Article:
By spending money you get feedback. Did I spend too much? Less? How is my savings going in categories that aren’t going to be touched for years?

I find that except for basic expenses (like food), its hard to track things every day, so I usually do weeks and months. If you can do daily great, but don’t drive yourself nuts.


Sometimes, like in the case of investment, you have to move money too. I won’t go into investment (I’m a max-out-the-401k/403b type guy into index funds otherwise). But that is something you set up as needed. For instance, in our current crisis and stock ups and downs, I held off on investing.


Finally, you should always, always learn and check your money. If something is suspicious, go over your numbers. If you need to rethink expenses, do so – prices change.

A personal example from recent events; I noticed some gaps in my spending – my cash flow had a weird anomaly of a few hundred dollars. That’s when I realized I hadn’t worked in changes to retirement – I became eligible for a matching plan and had more money taken out of my paycheck. Then forgot to update my spreadsheet.


Look, you can probably find some books and guides and articles. But this is what I do. Just me, some calculations, and a spreadsheet.

It won’t solve all your problems. It will help you track your money, so you have a chance to deal with those problems.

Steven Savage

It’s Fine To Spend Money

(This column is posted at www.StevenSavage.com and Steve’s Tumblr.  Find out more at my newsletter.)

America has a weird approach to money.  On one level, we love to spend it (if we have it) to judge by the things that people buy.  On another level, we continuously shame people for buying things. It’s a strange duality – until you think about it for a few minutes.

Americans believe money is a measure of virtue.  We believe having it shows virtue (even if someone inherited it or made it in questionable ways).  We believe spending it somehow shows virtue as long as it’s the right things.  To have money and spend it has a weird moral quality – if you’re the right person or kind of person.

On the other hand, we view the wrong people spending things on the wrong things to be bad.  Millennials get constantly bashed for A) wasting money while B) killing industries by not buying stuff they can’t afford anyway.  I’m sure you’ve encountered various cases of some scold telling you not to buy things – that they, of course, would do.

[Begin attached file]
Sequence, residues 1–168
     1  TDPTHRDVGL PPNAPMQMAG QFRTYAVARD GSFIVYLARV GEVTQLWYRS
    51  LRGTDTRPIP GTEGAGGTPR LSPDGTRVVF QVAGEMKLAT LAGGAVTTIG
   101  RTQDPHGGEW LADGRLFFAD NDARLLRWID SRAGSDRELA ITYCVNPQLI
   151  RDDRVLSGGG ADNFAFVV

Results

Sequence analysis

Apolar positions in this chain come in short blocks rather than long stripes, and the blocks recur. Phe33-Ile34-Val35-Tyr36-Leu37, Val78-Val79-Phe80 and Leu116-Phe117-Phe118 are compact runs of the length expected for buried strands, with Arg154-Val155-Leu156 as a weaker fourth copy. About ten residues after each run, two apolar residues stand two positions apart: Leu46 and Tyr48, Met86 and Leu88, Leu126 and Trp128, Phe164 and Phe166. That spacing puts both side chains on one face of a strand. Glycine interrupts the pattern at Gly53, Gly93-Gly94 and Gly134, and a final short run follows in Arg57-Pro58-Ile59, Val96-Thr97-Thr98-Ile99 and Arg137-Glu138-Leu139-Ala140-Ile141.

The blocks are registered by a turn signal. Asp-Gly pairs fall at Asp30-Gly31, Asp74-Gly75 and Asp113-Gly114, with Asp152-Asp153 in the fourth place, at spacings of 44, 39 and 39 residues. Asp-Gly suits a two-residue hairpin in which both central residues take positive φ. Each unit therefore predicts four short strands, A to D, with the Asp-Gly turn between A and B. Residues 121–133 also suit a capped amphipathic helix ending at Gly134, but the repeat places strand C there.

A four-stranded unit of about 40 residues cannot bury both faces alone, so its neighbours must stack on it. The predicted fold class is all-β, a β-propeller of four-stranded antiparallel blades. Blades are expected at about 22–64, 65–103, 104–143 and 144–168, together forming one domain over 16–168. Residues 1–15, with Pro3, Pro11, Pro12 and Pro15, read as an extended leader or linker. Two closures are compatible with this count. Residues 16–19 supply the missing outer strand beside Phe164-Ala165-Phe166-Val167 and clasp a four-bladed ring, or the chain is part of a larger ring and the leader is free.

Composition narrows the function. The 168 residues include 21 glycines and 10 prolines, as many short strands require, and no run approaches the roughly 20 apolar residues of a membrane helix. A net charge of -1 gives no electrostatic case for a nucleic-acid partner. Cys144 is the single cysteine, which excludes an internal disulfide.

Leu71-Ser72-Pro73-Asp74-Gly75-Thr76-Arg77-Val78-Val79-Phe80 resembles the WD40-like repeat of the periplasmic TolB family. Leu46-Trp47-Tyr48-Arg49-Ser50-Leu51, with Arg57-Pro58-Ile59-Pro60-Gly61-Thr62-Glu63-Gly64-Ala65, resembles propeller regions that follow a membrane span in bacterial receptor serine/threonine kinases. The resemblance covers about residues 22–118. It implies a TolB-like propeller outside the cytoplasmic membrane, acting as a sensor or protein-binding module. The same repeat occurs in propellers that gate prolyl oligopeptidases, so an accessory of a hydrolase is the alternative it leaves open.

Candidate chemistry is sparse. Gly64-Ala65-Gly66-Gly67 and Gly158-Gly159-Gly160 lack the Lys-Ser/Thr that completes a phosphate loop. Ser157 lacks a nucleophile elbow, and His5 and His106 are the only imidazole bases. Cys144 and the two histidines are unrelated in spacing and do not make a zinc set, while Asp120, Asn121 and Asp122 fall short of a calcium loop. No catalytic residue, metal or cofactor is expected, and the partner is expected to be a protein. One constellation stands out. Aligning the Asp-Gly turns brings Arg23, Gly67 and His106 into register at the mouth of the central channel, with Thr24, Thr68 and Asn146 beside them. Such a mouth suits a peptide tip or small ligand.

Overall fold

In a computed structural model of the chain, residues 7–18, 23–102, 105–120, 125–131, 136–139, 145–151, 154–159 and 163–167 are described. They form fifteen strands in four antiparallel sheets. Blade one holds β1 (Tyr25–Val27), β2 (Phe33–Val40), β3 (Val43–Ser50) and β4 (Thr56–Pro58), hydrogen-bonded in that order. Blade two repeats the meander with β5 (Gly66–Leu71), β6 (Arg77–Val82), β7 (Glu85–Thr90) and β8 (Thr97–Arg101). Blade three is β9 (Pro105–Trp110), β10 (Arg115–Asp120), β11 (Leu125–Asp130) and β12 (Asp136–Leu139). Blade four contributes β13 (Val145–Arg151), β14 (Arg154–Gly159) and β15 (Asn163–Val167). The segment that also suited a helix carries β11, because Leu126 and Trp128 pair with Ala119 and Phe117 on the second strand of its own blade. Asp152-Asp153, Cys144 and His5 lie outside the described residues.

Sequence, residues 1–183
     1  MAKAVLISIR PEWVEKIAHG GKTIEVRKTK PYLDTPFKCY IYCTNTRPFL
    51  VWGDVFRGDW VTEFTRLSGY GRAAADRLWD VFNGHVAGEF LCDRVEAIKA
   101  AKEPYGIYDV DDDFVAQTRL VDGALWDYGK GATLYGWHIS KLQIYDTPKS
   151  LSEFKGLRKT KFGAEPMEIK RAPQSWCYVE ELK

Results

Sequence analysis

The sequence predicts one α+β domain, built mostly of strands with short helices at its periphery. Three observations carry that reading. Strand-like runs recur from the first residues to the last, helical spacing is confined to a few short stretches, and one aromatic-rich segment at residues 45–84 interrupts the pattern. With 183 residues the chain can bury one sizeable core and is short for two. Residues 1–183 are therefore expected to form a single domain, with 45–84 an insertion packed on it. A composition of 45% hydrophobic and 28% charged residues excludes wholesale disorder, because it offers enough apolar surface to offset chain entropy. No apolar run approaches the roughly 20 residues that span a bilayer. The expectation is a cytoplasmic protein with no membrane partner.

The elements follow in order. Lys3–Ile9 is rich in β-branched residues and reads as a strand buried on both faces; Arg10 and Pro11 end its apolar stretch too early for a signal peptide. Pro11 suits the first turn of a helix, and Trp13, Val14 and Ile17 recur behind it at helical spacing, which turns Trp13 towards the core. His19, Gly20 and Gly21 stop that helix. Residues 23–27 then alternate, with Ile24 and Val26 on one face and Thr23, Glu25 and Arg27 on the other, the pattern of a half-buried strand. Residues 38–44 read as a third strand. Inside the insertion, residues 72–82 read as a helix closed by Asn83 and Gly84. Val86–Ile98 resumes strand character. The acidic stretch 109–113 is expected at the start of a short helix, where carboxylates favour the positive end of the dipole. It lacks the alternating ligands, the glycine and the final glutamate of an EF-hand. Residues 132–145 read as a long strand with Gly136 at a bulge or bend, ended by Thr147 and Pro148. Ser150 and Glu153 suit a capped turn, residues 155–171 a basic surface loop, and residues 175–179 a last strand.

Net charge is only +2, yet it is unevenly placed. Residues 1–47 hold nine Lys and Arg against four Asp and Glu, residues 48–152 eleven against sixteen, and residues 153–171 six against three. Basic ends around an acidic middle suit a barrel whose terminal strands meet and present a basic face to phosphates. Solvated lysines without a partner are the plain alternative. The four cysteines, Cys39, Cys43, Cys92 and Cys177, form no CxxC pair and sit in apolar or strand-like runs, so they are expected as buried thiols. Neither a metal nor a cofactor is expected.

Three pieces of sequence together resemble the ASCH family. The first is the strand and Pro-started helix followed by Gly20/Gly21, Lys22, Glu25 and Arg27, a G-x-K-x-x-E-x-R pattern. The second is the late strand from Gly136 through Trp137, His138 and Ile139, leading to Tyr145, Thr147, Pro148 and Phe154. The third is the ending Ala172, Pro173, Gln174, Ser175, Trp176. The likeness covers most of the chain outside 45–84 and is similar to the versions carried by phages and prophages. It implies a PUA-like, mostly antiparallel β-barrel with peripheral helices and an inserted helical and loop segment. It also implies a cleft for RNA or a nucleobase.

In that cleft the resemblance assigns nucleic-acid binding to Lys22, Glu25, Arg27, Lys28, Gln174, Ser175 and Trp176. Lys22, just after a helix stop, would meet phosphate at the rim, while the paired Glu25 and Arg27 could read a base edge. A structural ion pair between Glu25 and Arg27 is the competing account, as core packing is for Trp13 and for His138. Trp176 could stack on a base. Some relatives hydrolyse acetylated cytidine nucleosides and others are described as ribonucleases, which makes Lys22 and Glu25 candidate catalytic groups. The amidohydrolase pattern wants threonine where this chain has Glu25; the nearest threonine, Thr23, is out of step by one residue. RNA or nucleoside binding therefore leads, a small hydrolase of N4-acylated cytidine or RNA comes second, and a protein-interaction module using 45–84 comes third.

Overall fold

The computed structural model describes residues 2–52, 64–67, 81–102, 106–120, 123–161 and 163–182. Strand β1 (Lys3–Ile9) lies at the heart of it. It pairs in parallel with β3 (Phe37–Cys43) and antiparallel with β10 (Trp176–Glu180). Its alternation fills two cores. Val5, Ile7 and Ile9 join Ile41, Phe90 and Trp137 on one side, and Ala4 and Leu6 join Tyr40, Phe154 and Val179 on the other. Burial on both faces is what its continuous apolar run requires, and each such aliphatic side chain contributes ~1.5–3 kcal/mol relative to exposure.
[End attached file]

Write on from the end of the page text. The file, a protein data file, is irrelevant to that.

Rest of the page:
Me, I’m frugal.  OK, I’m quite cheap in some ways.  I am the last person to tell someone to spend money for no good reason.  So I’d like to chime in that it’s damn fine to spend money on things because sometimes it makes sense and is better than saving it.  Use this the next time you feel guilty, or some jerk decides to make you feel guilty.

Here’s where I think it’s damned fine to spend money.

Sometimes it’s fun.  There’s nothing wrong with fun.  People need more fun in their lives as far as I’m concerned.  So go, spend, have fun.

Sometimes it’s therapeutic.  I mean if a bar of chocolate or a mimosa makes you feel better, spend the money.  Indulge, feel better – I learned from my studies on diet and exercise that indulgences can be incredibly valuable to sanity.

It saves time.  Pay for that food to be delivered, pay for that restaurant to send you a pizza, spring for postage.  If time is money, sometimes you have to spend money to save time.

Capability.  Maybe you need to spend money on something you can’t do yourself due to not having the skills, illness, physical limitations, etc.  Know what, it’s fine to spring for someone to clean the apartment if you can’t, I mean seriously.

Cost-benefit.  Sometimes you get more out of spending money than not doing it.  That reasonably priced laptop that lets you send email, do your job search, practice your skills, etc. is worth it.

Sometimes you must do it.  Look sometimes stuff costs money and you can’t go without that stuff.  Don’t let the scolds tell you not to do it.

Temporary situations.  If you get sick and have to order out, fine, spend money.  Must change apartments because of a job move, fine, pay the move fees.  Spending money is not always a constant; sometimes it’s temporary.

Spending money as fine.  As an official skinflint, a man that has an involvement with spreadsheets bordering on the romantic, please, spend money.  Don’t listen to the scolds and the puritans who want to tell you what not to do so they can feel superior (and often they have money and positions that you don’t).

I’m all for frugality.  I’m all for careful spending.  But money is just a tool, and sometimes you gotta open the toolkit.  

Steven Savage